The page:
Rafferty moved toward it, squinting against the light. It was a woman. She was dead. And then he realized it was her. Josephine, lying on her back on the floor, her hands folded on her chest, her mouth slightly open, her eyes closed forever. He threw himself forward onto his knees, leaning to her, flares of panic streaking through his head, his arms, and he reached out, his hand trembling, and he pulled it back. He couldn't touch her. He had to touch her. This was his fault. And so he bent down, very near, bent to her and he kissed her on her barely parted lips. She was still warm. And she stirred.
He jerked back again. "Thank God," he cried.
Josephine opened her eyes and she looked into the face hovering over her and she thought for a moment that she was in her coffin, that she'd awakened to find the man who would drive a stake through her heart. But no. It was Rafferty. She was merely sleeping. "You should have awakened me," she said.
"I did," he said. "I thought you were dead."
"You think you woke me from the dead?"
"No. I . . . it's OK now. I was wrong."
"Did you kiss me?"
Rafferty was ashamed. He'd taken advantage of her. "I . . . well . . . I thought I was kissing your dead body."
"That's an excuse?" she said, though she knew she wasn't angry. "It's a good thing I woke up. Who knows what else you might've done."
"But if you were dead, you never would have known."
"It's hard for me to say, Oh, well, that's OK then. Don't you know how to make up better reasons?"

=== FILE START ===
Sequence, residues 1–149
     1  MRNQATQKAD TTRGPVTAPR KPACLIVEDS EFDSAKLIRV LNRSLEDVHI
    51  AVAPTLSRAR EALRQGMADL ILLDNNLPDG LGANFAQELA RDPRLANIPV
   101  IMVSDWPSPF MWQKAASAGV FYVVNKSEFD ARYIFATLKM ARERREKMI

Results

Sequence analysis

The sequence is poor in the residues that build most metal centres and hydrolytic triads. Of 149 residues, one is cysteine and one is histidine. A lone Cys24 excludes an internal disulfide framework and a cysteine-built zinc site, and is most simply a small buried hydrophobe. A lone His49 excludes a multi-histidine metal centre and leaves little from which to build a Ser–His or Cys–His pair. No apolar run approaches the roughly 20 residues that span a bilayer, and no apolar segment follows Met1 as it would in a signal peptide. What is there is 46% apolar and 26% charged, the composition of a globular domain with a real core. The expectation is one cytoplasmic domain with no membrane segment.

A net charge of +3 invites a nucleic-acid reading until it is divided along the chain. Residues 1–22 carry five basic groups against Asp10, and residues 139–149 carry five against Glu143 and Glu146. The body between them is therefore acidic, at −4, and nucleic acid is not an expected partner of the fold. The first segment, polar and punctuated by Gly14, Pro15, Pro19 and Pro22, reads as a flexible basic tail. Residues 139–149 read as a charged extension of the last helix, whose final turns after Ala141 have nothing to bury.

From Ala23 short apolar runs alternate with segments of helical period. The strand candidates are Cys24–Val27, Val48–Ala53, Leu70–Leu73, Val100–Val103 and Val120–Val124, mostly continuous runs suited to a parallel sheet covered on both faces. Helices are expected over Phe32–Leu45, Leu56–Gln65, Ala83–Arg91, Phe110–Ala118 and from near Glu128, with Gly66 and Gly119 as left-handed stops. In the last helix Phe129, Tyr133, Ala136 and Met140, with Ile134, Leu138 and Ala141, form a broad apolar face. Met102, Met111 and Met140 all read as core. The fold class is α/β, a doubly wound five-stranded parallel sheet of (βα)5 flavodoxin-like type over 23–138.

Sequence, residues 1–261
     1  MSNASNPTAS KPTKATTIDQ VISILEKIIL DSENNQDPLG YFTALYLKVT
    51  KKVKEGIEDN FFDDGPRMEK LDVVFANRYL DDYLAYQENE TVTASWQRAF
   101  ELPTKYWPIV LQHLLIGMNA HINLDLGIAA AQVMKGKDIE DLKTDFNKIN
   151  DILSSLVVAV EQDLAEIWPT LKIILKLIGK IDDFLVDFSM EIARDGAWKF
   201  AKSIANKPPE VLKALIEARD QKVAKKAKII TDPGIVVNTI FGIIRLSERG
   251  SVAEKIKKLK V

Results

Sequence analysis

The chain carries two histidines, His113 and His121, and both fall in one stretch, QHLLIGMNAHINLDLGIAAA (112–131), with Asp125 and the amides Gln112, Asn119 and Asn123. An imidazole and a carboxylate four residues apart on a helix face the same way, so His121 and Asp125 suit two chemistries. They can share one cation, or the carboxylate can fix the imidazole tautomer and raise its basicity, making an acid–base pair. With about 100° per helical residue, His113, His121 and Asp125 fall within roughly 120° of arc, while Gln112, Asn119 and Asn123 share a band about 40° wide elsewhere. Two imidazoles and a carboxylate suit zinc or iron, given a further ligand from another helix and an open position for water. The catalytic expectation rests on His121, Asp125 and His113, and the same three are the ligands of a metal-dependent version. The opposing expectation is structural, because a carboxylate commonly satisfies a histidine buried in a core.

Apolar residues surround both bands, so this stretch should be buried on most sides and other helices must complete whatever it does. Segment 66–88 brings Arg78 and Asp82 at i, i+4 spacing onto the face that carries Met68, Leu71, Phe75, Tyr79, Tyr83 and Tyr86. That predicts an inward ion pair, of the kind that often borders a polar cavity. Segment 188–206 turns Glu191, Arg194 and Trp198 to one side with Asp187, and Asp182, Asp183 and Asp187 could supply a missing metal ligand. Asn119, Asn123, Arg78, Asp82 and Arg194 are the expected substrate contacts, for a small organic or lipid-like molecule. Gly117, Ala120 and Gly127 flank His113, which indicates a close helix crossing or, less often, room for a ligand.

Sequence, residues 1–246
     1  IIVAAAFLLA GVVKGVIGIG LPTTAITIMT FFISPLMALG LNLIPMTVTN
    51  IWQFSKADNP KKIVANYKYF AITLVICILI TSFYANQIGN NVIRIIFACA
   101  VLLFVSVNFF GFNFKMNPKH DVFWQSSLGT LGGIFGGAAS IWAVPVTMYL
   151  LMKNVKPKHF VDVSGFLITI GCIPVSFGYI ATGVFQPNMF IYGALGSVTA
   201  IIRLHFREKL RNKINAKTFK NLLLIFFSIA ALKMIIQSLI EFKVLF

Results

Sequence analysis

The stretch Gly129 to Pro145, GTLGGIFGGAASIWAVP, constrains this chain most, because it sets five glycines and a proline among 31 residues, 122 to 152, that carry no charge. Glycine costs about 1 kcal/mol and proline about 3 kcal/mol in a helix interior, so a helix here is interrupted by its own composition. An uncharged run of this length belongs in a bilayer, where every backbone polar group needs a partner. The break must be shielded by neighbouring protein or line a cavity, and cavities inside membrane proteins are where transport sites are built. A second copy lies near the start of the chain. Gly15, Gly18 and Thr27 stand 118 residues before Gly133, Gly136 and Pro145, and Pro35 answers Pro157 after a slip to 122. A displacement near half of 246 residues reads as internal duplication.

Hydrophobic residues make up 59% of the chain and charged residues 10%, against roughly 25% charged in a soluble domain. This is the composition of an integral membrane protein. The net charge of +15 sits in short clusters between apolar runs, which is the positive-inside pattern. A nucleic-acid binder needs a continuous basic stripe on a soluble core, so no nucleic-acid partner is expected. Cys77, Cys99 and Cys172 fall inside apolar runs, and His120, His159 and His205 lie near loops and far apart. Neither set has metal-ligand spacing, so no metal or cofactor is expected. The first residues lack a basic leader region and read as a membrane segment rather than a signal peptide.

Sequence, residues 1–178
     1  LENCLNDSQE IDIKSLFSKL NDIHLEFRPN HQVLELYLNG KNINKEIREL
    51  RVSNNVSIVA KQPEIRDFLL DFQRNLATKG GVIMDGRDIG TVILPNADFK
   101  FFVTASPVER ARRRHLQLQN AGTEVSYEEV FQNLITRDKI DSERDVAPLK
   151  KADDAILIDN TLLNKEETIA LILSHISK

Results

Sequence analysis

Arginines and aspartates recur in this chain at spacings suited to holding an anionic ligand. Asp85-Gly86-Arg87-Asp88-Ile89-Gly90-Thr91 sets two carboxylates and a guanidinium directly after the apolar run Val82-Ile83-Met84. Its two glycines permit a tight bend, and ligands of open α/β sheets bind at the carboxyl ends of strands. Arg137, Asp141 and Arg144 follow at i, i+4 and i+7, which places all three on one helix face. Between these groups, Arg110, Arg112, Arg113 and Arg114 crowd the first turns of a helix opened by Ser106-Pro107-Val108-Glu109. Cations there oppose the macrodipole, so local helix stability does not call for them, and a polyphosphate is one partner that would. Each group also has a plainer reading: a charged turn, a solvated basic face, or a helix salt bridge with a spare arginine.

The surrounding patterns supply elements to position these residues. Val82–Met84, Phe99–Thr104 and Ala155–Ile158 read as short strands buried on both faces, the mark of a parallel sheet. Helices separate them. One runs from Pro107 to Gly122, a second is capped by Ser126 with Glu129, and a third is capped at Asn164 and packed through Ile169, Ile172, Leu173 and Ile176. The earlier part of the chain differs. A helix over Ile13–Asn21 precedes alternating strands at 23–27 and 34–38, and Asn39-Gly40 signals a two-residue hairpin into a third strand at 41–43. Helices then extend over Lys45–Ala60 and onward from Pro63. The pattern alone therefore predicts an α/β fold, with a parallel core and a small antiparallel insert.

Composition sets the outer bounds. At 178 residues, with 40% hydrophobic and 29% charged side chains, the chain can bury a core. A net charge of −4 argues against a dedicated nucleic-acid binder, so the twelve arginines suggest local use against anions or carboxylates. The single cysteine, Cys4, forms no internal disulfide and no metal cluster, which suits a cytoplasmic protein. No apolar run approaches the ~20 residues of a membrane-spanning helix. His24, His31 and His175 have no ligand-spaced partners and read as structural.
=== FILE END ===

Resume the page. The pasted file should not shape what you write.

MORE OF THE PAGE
"Not on Ash Wednesday."
Josephine sat up and leaned back against the wall. "I fell asleep," she said. "I broke into your restaurant and fell asleep. I was up all night."
"Not writing, thanks to you."
"Look," Rafferty said, "I know I'm Catholic, but I can't take all this guilt. I'm still dealing with your ad."
Rafferty realized at once that Josephine knew nothing about it. He eased himself onto the floor beside her and also leaned against the wall. "It's just something between our kids," he said.
"Our kids." Josephine suddenly felt weary again.
They sat in silence for a long moment. Then Josephine said, "It's a lovely space, isn't it."
"It will be."
"It is now. Has always been." She tapped her forehead with her fingertip. "In here."
Rafferty looked at her and he understood and he smiled. She did not see the smile. She was seeing the floor lit with gas lamps and aswirl with dancers and Desiree and Marcellus spun by, staring deep into each other's eyes. And she heard the music. But it was out of period. Desiree and Marcellus danced to the Masquerade Waltz.
And now Rafferty was standing before Josephine and he was offering his hand and the same music was in his head and he felt the sudden brilliant flare of the chandelier and the music was all around and Josephine took Rafferty's hand and she rose with quite wonderful grace and she slid into his arms and they swirled around the floor onetwothree as if this were the dance they'd danced at the beginning of their story onetwothree and they spun but now the masks were gone their faces were naked and they looked into each other's eyes and they each were ready to say to their children give it up onetwothree and they were ready to touch onetwothree and just as each step they took was as one so too did they stop at the same moment on the same beat and the music played on in their heads onetwothree and Josephine whispered "Bring your face close" and Rafferty did and Josephine rose to him and she bared her teeth and she bit him on the neck, very gently, drawing no blood at all.